Index of content:
Volume 92, Issue 2, 15 July 2002
92(2002); http://dx.doi.org/10.1063/1.1486026View Description Hide Description
Cubic zinc blende CdS epilayers were grown on (100) GaAs substrates by hot-wall epitaxy. The lattice constant of cubic CdS was measured by x-ray diffraction and it was found that the compressive strain remained in the CdS films. Photoluminescence(PL)measurement showed the free exciton emission at the room temperature. Room temperature energy gap and exciton binding energy were determined by absorption and PLspectra.
Electrochemical tuning of band structure of single-walled carbon nanotubes probed by in situ resonance Raman scattering92(2002); http://dx.doi.org/10.1063/1.1486024View Description Hide Description
In situ resonance Raman scattering of single-walled carbon nanotubes investigated under electrochemical biasing demonstrates that the intensity of the radial breathing mode varies significantly in a nonmonotonic manner as a function of the cathodic bias voltage, but does not change appreciably under anodic bias. The tangential mode is, however, not affected. These results can be quantitatively understood in terms of the changes in the energy gaps between the one-dimensional van Hove singularities in the electron density of states arising possibly due to the alterations in the overlap integral of π bonds between the p orbitals of the adjacent carbon atoms.
92(2002); http://dx.doi.org/10.1063/1.1489709View Description Hide Description
We present a simple method using direct laser beam reflection from the MgO substrate of a PBN:65 thin film to measure strain–electric field hysteresis produced by electric field-induced bending. We obtained both the strain–electric field and time–electric field relationships from these hysteresis curves. In addition, we determined time constants for strain saturation, obtained a quadratic relationship between strain and electric field, and calculated a value of 0.000 875 μm2/V2 for the electrostrictive constant.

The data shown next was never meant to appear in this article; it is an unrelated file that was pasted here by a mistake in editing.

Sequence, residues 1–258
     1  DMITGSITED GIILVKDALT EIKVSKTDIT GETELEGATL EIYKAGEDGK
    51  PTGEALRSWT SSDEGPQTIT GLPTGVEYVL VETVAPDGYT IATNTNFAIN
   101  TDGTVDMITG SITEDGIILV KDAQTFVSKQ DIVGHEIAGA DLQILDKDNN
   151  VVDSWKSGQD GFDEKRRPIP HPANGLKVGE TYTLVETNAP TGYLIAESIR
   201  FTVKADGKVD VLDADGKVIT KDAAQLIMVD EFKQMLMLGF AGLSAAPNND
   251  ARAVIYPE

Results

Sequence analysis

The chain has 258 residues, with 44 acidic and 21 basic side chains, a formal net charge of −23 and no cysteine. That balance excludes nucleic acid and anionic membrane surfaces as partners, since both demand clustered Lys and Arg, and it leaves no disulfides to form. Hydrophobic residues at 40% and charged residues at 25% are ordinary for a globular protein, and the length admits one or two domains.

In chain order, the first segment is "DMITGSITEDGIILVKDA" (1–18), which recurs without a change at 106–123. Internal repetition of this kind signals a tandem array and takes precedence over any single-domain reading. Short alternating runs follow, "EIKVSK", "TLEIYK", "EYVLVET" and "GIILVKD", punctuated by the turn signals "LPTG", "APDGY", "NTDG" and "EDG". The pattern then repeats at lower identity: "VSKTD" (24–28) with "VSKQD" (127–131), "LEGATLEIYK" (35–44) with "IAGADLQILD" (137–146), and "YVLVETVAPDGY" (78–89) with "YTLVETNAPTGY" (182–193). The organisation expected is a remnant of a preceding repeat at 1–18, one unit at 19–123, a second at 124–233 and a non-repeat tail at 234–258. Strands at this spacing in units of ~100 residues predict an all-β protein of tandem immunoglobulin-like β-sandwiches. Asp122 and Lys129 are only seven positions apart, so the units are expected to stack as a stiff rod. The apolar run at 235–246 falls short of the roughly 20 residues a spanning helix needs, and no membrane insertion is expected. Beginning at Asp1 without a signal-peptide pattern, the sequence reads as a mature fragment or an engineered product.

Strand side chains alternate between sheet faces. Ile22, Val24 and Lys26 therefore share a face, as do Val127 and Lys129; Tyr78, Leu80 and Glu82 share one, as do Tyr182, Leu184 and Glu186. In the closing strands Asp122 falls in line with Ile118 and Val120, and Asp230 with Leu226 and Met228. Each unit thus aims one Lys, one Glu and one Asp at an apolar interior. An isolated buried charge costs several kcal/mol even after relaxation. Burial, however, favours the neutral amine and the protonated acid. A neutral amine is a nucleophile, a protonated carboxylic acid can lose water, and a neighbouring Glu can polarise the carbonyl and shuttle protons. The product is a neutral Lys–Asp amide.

92(2002); http://dx.doi.org/10.1063/1.1489088View Description Hide Description
Giant magnetoresistance(GMR) of 3.5% in low fields of about 10 Oe was observed at room temperature in as-prepared laser-deposited (permalloy/Ag) multilayers. Strong columnar growth in combination with preferential sputtering of Ag from the film surface during deposition of layer helps to directly create a discontinuous multilayerstructure necessary for high GMR values. The magnetoresistance was found to increase to 5.1% after annealing for just 10 min at 275 °C. This increase is attributed to structural relaxation processes such as demixing of the intermixed interfaces, preferential diffusion of Ag to the column boundaries and reduction of structural defects. Pulsed laser deposition appears to be a suitable technique for the preparation of permalloy/Ag films with considerable GMR in a one-step process.